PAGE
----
Review: Dolemite is My Name

Review: Dolemite is My Name

28th October 2019 Off By Ewan Gleadow

Dolemite is My Name has one selling point for its mass market, and one selling point only. After years in the shadows, hiding away from good movies and deserving roles, Eddie Murphy makes his return to the screen in the biopic of the late comedian Rudy Ray Moore who managed to turn street talk into comedy gold. Showing his highs, lows and willpower to succeed, Dolemite is My Name is a glimpse into the aptly titled “Godfather of Rap”, and how his rough beginnings formed a stupendous career. 

With the film deeply rooted in the blaxploitation era of film, the likes of Foxy BrownShaft in Africa and Blackenstein are given nicely timed name drops throughout. Murphy brings Moore to life in a superb leading role that highlights some incredible acting abilities. He doesn’t seem to have missed a beat, slipping right back into the R-Rated leading comedian he was best known for in the highs of his 80s days. With a resoundingly well-presented cast backing him up, it’s nigh on impossible to not have a good time with this performance.  

But Dolemite is My Name doesn’t just herald the return of one great actor, it also heralds the return of a ‘just okay’ actor… Wesley Snipes.
His days of direct to DVD releases and tax 
evasion seemingly over, his career comeback is kept in the shadow of Murphy’s resoundingly brilliant lead. Oddly forgettable at times, but other moments see him leaping into successful pieces of content. It’s a mixed bag for Snipes, and surprisingly it’s not due to his strange performance, but the scenes he is given. He isn’t given much space to grow, nor is he well suited to his role, but it’s quite nice to see what he provides the role, albeit minimum. 

Outside of Murphy’s performance, there are a nice handful of great performances that fluff up certain scenes. Expected familiar faces crop up due to their ties with Netflix, or at least that’s the only explanation I have for Bob Odenkirk and Keegan Michael-Key showing up out of the blue. Mike Epps also presents us with the reason he’s been able to click with supporting roles, but not with leading man suits in a moderately successful supporting role. At times, it feels like the cast themselves are guiding the film’s direction, helmed by Craig Brewer, a man responsible for the abysmal remake of Footloose, an already abysmal 80s classic.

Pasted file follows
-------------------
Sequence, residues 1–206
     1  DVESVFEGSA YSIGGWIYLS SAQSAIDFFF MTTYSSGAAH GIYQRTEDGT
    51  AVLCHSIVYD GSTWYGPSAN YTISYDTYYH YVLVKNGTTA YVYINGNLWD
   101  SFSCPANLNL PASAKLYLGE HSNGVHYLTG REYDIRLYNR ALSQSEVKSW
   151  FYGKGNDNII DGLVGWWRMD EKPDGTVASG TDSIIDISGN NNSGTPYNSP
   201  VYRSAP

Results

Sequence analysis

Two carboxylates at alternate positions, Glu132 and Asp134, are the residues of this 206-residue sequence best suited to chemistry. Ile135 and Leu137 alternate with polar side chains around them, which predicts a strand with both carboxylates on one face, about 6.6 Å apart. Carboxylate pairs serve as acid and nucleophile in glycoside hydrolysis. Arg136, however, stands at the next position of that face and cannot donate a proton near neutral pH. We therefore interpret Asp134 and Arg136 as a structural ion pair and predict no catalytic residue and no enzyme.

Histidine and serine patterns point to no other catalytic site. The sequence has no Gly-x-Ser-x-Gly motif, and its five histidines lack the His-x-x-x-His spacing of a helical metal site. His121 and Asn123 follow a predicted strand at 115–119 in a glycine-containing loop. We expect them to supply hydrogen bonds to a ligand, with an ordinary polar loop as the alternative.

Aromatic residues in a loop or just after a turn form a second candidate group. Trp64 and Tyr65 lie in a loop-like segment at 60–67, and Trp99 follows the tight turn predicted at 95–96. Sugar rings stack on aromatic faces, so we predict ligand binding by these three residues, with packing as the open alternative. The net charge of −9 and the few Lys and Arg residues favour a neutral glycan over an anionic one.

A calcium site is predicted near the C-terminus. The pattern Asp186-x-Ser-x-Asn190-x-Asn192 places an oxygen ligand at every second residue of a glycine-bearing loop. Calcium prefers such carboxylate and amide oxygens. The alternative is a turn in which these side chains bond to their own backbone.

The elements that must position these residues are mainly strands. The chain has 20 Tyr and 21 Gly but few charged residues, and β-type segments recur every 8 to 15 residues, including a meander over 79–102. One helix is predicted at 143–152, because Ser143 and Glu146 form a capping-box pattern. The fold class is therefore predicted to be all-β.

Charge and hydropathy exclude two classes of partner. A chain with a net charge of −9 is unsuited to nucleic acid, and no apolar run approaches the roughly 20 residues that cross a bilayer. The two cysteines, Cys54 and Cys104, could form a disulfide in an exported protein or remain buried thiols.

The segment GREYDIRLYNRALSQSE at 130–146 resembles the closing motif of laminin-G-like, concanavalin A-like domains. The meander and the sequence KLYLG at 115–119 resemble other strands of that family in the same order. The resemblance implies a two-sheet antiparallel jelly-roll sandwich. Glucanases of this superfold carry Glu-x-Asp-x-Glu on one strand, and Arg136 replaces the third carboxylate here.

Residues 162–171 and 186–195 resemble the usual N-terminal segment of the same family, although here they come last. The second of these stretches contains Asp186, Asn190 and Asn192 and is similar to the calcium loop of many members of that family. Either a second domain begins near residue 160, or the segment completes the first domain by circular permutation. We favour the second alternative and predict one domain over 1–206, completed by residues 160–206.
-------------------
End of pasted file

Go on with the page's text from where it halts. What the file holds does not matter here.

In that case, the direction of Brewer being completely insignificant to the success of the film certainly makes sense to some degree. His efforts here are minimum, your standard biopic filler intercut with montage shots, a hell of a good soundtrack and the evidently expected abilities of a stacked ensemble. Nicely rounded mini roles for the likes of Snoop Dogg add that needed modernisation and edge that the film requires to work with the demographic of today, a nice link from present to past.  

It’s hard not to feel completely euphoric to see Eddie Murphy back on his A-Game in another superb starring role. His actions here have a sense of warmth to him, playing a person he truly understands. Dolemite is My Name isn’t just an enjoyable awards tip for Murphy, it’s a genuinely entertaining and informative piece of film that hopes to shine a larger light on the underappreciated Blaxpolitation genre of film. A hearty recommendation to those wanting to learn more about that subject, or simply for those that want to watch one of the best films this year has to offer.